Thiel, I should mention, is a graduate of Stanford Undergrad and Stanford Law School.
Glenn Beck, the eternally hallucinating talk show host, provides a simple solution for the $1 trillion of student debt in this country: Kids who can’t afford college shouldn’t go. Instead, they should “go to the free public library.” He gives himself as an example.
Also, student loans are a big presidential campaign issue that, oddly enough, the two candidates agree on a solution to: “we must do something to lower the cost of going to college.”
Meanwhile, NPR publishes the infogram below showing that the Net Cost of College (sticker price - grants and scholarships) has remained more or less the same over the years.
Ok, I get it. The cost of college is what we’re willing to pay for it. As long as people pay $62k to go to Harvard, Harvard will keep increasing its tuition. Basic Supply & Demand.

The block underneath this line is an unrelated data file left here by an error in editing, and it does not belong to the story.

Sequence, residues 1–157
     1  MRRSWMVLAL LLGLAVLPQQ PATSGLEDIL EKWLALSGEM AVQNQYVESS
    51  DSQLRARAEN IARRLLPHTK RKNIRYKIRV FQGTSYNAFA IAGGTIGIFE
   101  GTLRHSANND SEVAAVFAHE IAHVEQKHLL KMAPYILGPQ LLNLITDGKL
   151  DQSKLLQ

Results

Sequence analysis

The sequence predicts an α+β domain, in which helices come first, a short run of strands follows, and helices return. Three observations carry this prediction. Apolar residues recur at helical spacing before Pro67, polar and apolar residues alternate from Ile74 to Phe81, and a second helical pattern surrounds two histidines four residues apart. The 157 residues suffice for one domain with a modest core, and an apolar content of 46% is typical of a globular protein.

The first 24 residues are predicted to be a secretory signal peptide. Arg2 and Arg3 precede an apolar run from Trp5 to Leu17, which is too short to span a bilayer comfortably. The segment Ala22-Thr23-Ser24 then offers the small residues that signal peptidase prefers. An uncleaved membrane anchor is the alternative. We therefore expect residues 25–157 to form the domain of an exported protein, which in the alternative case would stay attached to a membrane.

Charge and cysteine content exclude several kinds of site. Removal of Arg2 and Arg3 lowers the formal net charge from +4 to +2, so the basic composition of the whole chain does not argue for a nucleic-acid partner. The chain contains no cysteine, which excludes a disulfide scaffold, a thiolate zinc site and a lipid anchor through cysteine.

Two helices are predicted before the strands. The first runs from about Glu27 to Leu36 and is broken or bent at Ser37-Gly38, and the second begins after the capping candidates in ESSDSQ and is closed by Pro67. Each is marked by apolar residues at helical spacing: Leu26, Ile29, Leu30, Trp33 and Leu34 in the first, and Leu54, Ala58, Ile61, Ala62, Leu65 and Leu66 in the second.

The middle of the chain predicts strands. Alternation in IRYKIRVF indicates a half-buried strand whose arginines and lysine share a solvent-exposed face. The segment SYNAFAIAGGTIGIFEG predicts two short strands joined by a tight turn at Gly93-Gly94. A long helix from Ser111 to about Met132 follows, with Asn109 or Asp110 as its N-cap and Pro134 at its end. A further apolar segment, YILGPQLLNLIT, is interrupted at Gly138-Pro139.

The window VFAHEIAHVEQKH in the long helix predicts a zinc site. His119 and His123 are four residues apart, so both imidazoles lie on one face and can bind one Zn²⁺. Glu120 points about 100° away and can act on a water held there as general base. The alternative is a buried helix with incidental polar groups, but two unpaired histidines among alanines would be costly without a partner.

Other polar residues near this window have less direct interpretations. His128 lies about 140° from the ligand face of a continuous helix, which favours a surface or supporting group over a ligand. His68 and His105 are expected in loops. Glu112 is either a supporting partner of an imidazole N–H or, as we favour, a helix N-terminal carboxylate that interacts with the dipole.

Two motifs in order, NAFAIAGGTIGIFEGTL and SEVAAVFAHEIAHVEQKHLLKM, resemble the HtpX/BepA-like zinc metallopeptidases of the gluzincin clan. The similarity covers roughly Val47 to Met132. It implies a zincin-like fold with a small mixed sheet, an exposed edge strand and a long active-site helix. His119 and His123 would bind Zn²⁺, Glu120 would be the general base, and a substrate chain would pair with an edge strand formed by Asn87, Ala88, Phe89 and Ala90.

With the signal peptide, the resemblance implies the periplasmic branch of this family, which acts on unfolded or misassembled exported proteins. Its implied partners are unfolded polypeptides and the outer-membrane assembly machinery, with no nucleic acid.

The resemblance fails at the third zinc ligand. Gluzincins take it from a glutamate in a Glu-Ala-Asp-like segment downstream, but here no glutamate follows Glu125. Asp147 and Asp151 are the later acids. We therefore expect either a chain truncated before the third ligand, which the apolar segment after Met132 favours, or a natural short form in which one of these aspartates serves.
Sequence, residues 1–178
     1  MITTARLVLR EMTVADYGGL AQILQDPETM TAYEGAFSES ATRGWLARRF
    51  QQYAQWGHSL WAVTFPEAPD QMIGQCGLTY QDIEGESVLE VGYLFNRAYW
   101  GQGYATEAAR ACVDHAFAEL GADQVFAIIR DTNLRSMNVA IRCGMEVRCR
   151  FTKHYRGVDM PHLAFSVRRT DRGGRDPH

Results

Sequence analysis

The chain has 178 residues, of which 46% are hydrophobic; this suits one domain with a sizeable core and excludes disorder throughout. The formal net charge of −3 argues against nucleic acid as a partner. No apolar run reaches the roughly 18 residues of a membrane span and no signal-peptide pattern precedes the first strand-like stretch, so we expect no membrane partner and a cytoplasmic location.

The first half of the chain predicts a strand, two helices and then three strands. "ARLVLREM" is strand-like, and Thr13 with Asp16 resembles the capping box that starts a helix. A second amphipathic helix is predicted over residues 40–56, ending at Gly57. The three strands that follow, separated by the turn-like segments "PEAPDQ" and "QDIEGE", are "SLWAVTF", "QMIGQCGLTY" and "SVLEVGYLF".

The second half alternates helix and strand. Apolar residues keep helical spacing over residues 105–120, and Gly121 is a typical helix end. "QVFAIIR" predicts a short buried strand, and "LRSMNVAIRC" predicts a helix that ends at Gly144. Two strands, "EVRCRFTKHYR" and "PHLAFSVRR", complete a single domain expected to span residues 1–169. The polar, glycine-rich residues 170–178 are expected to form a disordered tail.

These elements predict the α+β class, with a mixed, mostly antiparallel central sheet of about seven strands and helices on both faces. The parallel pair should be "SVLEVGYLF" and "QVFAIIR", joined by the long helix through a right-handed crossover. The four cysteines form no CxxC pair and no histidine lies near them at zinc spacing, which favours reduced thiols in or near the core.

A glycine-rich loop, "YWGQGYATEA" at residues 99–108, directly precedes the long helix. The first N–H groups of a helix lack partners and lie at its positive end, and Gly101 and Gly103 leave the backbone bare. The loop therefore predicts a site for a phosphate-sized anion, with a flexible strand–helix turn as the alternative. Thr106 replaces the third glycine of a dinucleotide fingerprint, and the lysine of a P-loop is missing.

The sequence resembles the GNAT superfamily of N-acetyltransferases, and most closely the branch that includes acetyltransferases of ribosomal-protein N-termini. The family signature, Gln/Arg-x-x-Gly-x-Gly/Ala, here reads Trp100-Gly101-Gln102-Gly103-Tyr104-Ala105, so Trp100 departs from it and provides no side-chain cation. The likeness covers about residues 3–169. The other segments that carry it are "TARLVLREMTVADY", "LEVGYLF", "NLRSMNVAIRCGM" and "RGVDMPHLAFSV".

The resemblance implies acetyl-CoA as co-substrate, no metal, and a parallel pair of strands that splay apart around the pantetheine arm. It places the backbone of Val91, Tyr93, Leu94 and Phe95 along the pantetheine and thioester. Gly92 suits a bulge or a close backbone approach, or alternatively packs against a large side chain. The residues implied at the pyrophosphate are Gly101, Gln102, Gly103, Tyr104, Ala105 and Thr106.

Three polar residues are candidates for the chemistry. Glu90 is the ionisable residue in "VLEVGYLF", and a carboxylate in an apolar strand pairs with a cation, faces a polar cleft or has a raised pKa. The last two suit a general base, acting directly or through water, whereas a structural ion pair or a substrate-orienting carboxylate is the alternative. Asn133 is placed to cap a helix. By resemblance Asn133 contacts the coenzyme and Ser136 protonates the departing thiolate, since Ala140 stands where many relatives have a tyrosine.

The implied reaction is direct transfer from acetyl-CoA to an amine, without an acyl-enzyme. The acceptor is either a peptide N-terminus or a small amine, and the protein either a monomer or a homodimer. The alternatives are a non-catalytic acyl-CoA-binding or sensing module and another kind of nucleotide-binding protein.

But what about Peter Thiel’s claim that education is a bubble and we are greatly overestimating the value of a college degree?
I know several people in their 60s that had a successful career without a college degree. Yet they all wished they had gone to college.
Take T. Banks, a friend who worked for BellSouth his entire life. He is a stellar electrician and had security clearance to work in the White House. However, when he is around “people with college degrees”, he feels inferior, and refuses to voice his opinions on anything, as though they were somehow less valuable that his Bachelors-holding friends’.
My point is that going to college is a decision that will haunt you for the rest of your life.
It’s not just a certificate or a piece of paper in order to get a job. For many, college provides the confidence and social skills to succeed in building relationships with others and pursue success in any profession.
While college may not have been greatly beenficial to Bill Gates and Mark Zuckerberg, think twice before you recommend that no one should go to college.
It’s often the ones who have gone to college (like Peter Thiel) or that were accepted in the top institutions and left to pursue their dreams (like Bill Gates or Mark Zuckerberg) that inspire kids to skip college.
The vast majority of 18-year-olds are not like Peter Thiel, Bill Gates, nor Mark Zuckerberg. They have much more in common with T. Banks.